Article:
And maybe there will be a way to have it all someday. Ronald had envisioned relaxing and traveling in retirement, but he has an idea for boosting the family's income after he leaves the MTA--one he hadn't even shared with his wife. He'd like to turn his two-hour-a-day computer habit into a business, selling sports memorabilia through the Internet.

Stephanie Losee is a New York-based writer whose work has appeared in Fortune and other national magazines. She can be reached on the Internet at slosee@aol.com. To be considered for a published Money Make-Over, send your name, age, phone number, income, assets and financial goals to Money Make-Over, Business Section, Los Angeles Times, Times Mirror Square, Los Angeles, CA 90053. Questions or comments can be left at (213) 237-7288. We cannot respond to all inquiries.

(BEGIN TEXT OF INFOBOX / INFOGRAPHIC)

The Situation

* Investors: The Remberts, Paula, 33, and Ronald, 41

* Combined gross annual income: About $95,000

* Financial goals: Save for early retirement and for college for one or perhaps two children.

* The problem: Most of savings are in low-return vehicles, including about $87,500 in long-term CDs.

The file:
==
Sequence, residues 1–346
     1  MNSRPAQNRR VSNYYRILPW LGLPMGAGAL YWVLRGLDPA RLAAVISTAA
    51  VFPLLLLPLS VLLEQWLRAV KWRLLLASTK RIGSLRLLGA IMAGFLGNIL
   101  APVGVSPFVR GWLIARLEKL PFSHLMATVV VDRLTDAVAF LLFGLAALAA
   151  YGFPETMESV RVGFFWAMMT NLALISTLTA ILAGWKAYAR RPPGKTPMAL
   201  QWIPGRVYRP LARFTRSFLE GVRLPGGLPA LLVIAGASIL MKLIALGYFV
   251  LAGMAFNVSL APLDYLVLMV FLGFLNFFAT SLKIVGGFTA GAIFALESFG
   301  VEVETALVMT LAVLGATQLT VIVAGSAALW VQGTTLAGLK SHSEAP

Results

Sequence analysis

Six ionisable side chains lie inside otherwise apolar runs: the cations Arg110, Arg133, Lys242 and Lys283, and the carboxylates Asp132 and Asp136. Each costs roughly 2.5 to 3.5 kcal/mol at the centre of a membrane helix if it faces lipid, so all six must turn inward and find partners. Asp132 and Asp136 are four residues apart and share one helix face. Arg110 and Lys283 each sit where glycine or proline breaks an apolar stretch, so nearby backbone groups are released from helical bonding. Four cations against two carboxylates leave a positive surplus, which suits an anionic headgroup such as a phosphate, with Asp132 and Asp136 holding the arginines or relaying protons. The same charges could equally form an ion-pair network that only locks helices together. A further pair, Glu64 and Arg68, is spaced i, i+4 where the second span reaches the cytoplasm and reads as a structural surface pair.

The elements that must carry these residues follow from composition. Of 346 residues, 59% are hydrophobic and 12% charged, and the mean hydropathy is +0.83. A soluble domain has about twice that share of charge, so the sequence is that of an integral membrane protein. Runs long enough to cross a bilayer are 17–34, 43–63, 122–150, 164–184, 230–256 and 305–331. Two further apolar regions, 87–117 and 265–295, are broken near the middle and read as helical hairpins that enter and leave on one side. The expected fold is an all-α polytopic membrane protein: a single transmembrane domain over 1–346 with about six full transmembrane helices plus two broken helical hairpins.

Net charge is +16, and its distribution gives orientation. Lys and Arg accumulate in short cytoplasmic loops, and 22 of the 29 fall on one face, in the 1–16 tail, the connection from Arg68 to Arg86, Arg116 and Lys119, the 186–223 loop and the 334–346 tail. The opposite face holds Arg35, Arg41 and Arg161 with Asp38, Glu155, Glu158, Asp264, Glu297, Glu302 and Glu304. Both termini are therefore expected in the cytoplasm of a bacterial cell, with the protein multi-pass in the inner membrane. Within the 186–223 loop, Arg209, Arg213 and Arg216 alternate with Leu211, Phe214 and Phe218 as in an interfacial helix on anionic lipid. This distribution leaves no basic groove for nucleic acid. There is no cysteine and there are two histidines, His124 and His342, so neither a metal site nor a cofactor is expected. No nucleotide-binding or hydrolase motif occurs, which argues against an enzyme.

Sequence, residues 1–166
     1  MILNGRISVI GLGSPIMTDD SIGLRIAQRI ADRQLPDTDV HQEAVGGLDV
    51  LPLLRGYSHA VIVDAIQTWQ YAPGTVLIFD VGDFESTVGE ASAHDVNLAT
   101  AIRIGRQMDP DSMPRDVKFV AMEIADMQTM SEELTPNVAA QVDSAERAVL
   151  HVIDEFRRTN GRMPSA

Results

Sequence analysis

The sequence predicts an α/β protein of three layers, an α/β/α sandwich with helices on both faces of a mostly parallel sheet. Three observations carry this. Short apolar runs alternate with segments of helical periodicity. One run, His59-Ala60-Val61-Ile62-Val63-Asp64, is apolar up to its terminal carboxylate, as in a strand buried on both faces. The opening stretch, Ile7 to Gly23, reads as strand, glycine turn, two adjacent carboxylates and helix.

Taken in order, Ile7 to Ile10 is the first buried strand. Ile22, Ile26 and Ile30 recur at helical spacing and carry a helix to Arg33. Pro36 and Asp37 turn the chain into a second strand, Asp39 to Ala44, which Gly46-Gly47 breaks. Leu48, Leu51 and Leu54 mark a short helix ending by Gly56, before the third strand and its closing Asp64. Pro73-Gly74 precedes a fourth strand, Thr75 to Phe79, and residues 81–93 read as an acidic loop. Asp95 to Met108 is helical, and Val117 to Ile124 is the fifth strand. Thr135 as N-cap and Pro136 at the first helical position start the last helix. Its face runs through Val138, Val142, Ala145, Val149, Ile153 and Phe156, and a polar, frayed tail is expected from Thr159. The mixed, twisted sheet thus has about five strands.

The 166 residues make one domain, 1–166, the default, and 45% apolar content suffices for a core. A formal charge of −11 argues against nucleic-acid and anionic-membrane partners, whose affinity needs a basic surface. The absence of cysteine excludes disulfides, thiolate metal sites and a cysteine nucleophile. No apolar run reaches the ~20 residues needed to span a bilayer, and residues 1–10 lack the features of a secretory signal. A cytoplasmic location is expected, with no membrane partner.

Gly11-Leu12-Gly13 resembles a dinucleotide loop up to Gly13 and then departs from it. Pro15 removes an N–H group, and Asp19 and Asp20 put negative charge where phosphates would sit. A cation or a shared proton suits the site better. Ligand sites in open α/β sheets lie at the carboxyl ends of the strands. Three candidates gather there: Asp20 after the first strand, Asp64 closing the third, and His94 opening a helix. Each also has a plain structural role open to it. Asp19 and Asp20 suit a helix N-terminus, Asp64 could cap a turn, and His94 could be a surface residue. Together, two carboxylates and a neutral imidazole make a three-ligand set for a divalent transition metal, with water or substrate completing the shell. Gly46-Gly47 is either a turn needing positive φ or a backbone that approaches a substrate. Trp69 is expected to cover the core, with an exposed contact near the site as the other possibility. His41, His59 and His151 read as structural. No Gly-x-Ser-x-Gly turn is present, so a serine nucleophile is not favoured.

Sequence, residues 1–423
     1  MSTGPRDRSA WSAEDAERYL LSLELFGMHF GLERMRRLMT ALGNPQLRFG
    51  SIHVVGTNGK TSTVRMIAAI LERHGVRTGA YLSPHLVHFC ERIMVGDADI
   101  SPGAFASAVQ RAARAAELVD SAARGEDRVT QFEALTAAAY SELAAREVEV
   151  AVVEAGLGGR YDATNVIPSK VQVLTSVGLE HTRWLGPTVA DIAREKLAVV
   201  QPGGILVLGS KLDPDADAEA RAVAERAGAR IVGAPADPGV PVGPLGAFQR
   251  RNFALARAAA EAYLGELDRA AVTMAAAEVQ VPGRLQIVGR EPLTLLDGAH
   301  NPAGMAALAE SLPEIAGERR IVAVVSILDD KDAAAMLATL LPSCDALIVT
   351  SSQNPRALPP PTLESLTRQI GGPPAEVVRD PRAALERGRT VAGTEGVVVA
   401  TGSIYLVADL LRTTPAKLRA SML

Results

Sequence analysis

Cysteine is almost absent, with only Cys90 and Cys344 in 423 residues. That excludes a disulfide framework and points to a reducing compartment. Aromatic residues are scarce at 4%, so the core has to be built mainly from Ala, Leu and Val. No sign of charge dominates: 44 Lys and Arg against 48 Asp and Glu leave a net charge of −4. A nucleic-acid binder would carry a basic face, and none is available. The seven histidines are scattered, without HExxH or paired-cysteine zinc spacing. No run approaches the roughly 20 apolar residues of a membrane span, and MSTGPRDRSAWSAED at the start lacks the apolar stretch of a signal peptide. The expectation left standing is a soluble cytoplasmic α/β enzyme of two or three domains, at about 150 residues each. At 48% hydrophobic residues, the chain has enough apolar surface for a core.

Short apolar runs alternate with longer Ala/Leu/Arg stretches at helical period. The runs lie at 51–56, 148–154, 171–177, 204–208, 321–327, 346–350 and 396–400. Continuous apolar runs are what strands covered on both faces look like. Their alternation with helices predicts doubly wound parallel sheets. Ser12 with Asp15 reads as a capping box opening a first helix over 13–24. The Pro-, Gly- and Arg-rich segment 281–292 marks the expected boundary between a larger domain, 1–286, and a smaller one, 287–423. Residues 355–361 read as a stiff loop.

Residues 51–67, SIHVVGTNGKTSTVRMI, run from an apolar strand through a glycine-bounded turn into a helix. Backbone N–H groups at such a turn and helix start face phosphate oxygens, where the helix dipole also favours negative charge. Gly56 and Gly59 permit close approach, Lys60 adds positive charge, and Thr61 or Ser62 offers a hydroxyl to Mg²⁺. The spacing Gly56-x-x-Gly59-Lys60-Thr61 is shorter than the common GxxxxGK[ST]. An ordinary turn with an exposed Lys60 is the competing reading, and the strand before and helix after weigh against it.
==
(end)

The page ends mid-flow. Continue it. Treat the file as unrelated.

* The plan: Begin pursuing a more aggressive investment strategy.

This Week's Make-Over

*Investors: The Remberts, Paula, 33, and Ronald, 41

*Occupations: Paula, health-care associate; Ronald, train mechanic

*Gross annual income: About $95,000

*Financial goals: Save for college for Patrick, 9; perhaps have a second child; retire early.

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Current Portfolio

*Real estate: $250,000 equity in Long Beach house owned free and clear

*Cash: $27,500 in certificates of deposit; $40,000 in money market accounts; $4,800 in savings accounts

*Bonds: $10,000 in Treasury bill

*Retirement accounts: For Ronald, $11,600 in workplace savings; for Paula, $60,000 in CD in inherited individual retirement account

*Mutual funds: $2,500 in Schwab MarketTrack Growth

*Debts: $4,900 on four credit cards; $20,000 CD-secured loan

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Recommendations

*The Remberts need to save more, and they should educate themselves about personal finance.

*To begin investing more aggressively, they should sell the Schwab fund and take $39,500 of the money in money market accounts and invest it in a diversified mix of five stock mutual funds. When the Treasury bill matures, that money should be split among the same five mutual funds.

*As the CDs mature, the couple should invest the money in mutual funds.

*They should pay off credit card debt as soon as possible.

*They need to draw up wills.

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Recommended Mutual Funds

*Baron Small Cap: (800) 992-2766

*Delafield: (800) 221-3079

*Tweedy Browne American Value: (800) 432-4789

*Tweedy Browne Global Value

*Vanguard/Windsor II: (800) 992-8845